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Universal Service Obligations in the Postal Sector

In: Progress toward Liberalization of the Postal and Delivery Sector

Author

Listed:
  • Xavier Ambrosini
  • François Boldron
  • Bernard Roy

Abstract

The 2nd European Postal Directive requires an assessment of the scope and sustainability of the universal service obligation (USO) under full market opening. The requirements for each of these, the scope of the USO and the market opening, as well as the incumbent’s sustainability under alternative scenarios may well differ across countries as a number of previous contributions to the postal debate have pointed out.1 Universal service is a set of measures aiming to grant permanently all users in all points of a territory a sufficient level of service. These obligations take the form of constraints, and apply to a range of products or services. They involve quality, in the broad sense, and price controls. The existence of obligations means that, in their absence, the market may not provide a sufficient level of service, or whole scope of products, or at least not at an affordable price level for all users. The loss of degree of freedom created by the existence of constraints creates an opportunity cost.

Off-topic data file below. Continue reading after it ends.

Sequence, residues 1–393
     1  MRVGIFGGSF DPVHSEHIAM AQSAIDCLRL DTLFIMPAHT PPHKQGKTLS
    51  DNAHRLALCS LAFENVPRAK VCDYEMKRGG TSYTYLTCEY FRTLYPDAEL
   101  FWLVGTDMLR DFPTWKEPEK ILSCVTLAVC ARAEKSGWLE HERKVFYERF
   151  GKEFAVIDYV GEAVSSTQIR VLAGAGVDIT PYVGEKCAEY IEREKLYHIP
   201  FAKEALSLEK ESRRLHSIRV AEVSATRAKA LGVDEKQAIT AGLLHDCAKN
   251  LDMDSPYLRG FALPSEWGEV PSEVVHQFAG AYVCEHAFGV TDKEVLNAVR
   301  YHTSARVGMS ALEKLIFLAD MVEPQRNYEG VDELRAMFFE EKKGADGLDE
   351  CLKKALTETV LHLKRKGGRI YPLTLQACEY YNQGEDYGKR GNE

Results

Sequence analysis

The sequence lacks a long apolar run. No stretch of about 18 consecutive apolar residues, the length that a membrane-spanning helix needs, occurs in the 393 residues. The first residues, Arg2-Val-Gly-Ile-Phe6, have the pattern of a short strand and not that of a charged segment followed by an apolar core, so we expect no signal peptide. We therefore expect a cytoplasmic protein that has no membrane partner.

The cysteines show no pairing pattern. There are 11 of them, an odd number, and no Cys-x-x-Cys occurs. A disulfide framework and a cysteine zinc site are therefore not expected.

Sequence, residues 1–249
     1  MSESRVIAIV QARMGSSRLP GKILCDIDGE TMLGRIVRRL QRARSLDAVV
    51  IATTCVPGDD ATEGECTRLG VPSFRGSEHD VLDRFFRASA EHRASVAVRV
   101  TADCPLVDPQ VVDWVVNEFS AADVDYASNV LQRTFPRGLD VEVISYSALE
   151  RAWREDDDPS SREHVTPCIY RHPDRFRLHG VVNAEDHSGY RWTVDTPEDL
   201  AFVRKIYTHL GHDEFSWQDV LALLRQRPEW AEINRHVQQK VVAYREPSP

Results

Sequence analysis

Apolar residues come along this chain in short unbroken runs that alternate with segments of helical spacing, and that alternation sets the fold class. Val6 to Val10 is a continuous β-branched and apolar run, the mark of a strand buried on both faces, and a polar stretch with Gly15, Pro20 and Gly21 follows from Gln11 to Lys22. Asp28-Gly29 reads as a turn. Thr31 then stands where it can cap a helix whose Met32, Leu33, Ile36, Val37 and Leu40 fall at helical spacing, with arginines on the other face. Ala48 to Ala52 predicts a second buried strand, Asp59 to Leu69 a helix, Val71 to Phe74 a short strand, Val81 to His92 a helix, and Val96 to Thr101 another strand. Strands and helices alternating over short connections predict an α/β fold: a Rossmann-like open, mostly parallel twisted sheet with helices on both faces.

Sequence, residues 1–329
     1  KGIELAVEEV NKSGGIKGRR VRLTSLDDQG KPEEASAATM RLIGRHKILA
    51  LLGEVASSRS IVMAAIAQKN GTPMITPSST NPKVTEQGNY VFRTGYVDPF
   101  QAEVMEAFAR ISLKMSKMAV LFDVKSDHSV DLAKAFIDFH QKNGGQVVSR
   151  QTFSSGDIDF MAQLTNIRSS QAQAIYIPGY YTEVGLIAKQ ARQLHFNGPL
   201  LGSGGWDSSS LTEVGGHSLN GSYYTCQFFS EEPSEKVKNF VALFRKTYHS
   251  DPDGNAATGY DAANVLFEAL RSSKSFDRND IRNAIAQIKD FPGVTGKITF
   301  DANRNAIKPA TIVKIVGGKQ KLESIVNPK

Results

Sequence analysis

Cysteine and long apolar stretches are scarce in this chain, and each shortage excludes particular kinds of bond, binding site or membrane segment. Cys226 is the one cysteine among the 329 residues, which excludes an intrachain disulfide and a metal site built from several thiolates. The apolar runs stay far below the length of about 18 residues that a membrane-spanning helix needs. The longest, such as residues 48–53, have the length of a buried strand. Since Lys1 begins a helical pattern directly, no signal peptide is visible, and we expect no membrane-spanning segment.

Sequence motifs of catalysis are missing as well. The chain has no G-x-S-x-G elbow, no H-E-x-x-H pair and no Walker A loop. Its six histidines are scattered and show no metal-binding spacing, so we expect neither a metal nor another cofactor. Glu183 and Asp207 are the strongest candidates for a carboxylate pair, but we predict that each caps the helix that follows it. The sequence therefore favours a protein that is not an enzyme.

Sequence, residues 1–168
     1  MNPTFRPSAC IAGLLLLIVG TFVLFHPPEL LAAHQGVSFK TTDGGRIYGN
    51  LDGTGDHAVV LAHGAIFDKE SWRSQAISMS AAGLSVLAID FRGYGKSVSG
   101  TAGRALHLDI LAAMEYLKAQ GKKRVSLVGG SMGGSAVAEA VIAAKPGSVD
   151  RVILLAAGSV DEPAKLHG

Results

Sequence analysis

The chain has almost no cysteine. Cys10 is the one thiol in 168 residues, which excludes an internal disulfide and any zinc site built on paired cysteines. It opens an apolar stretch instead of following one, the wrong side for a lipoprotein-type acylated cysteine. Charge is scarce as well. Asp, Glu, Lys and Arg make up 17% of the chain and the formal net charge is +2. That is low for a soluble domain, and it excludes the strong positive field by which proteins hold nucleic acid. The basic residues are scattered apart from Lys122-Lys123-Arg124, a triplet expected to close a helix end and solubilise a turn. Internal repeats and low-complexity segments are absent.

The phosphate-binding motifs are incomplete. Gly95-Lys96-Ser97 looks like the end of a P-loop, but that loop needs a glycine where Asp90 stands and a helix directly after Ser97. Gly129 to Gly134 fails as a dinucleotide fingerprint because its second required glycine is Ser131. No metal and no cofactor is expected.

Suggested Citation

  • Xavier Ambrosini & François Boldron & Bernard Roy, 2006. "Universal Service Obligations in the Postal Sector," Topics in Regulatory Economics and Policy, in: Michael A. Crew & Paul R. Kleindorfer (ed.), Progress toward Liberalization of the Postal and Delivery Sector, chapter 0, pages 23-37, Springer.
  • Handle: RePEc:spr:topchp:978-0-387-29744-6_2
    DOI: 10.1007/978-0-387-29744-6_2
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